xmlhttprequest will change the web

i’ve been up to a lot of reading and thinking and not much doing.

xmlhttprequest is, since google suggest came out in the fall, about the hottest thing since sliced bread. i love reading people’s blogs saying, “why the fuss, this has been available circa 2001, people.” well maybe not exactly. xml over http has been available. but that’s no good unless you’ve got an html client with good xml and dom support. microsoft innovated here, creating xmlhttprequest for i’m not sure what version of ie, and mozilla followed. of course mozilla/firefox has the javascript edge (brendan eich of mozilla created it) and all the passionate users and web developers.

google is no longer about search. they are about making everyone that doesn’t work for them feel bad. i mean, google suggest was awesome. blew my mind. it was like magic. we now know that was only a warning shot. then they blew everything out of the water with google maps. but now the rest of us, who fancy ourselves web developers, just feel bad. like now i’ve got to go back to school and get a proper education. or find something else to do.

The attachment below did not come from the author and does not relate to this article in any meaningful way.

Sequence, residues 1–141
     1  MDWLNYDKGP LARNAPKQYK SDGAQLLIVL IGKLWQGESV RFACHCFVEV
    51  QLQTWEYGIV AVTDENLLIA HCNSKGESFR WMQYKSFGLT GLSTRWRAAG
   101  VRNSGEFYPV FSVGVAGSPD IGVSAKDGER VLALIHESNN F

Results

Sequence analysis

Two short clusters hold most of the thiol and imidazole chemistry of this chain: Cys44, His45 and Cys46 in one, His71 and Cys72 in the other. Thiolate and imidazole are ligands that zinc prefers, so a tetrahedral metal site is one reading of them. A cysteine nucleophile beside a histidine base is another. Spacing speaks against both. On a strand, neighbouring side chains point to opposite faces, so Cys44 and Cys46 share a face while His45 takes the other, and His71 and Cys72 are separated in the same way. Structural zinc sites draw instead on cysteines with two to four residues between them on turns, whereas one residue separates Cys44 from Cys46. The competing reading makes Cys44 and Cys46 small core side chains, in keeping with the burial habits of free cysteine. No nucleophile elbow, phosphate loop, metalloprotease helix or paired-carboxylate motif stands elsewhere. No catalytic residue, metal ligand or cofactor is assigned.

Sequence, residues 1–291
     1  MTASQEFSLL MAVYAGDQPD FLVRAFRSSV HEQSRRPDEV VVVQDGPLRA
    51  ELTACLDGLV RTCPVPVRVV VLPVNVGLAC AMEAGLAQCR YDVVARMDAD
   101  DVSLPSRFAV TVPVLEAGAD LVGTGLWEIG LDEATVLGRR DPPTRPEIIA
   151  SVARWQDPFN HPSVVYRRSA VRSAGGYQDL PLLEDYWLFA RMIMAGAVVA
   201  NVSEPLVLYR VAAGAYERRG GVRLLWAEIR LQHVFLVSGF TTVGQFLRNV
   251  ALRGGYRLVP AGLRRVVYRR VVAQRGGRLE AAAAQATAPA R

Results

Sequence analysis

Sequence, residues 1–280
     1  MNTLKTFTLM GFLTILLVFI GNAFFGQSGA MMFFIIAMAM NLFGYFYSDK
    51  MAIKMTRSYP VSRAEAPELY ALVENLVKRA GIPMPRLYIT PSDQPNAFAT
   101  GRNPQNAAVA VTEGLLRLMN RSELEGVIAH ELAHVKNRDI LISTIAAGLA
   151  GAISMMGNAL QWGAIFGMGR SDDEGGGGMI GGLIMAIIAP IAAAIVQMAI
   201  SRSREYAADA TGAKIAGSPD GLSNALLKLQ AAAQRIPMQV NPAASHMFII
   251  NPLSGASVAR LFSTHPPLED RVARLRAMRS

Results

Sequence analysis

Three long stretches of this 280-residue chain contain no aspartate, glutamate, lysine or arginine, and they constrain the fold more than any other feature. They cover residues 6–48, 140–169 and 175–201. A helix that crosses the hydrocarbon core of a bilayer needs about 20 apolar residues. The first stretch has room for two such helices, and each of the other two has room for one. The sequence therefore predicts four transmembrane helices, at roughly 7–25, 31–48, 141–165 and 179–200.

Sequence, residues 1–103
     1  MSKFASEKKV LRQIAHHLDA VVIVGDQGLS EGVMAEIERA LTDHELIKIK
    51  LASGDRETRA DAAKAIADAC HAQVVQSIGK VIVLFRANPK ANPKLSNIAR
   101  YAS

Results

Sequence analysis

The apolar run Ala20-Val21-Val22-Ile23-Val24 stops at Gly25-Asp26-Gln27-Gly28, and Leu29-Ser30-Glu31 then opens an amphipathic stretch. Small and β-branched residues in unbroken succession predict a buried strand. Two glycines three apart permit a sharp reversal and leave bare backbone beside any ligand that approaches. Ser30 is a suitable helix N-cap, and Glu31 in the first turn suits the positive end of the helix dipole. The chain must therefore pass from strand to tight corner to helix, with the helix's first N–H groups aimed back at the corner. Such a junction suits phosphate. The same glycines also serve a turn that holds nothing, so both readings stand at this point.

i understand the architecture, but i’m not sure how/where/if i’d want to implement it. i love flickr’s implementation, where you can click on a photo name or caption, which turns it into an html form, and when you click submit, it sends the information to flickr’s api via xmlhttprequest. all this happens without a single page load. so you can go back and or forward without tripping over previous form edits.

makes me wonder why i haven’t seen any implementation of a blog commenting system that uses xmlhttprequest. i don’t have the time or inkling to work on a project like that, so i’m just putting it out there, a lazy web idea free for the taking.

1 Comment

let’s hear it for the zeitgeist.

to be honest, i can’t think of anywhere i wouldn’t want to implement it. page loading sucks and the fact that the issue of background data transfer is just now (after like 10 years of mainstream internet use) coming out is amazing.

there’s another side to this though, which is data transfer through hidden IFRAME’s. the difference between the two is that IFRAME’s aren’t dependant on XML support (which is good for those not using IE or mozilla, or developers using PHP 4.x), and they register in browser history allowing the back and foreward buttons to work

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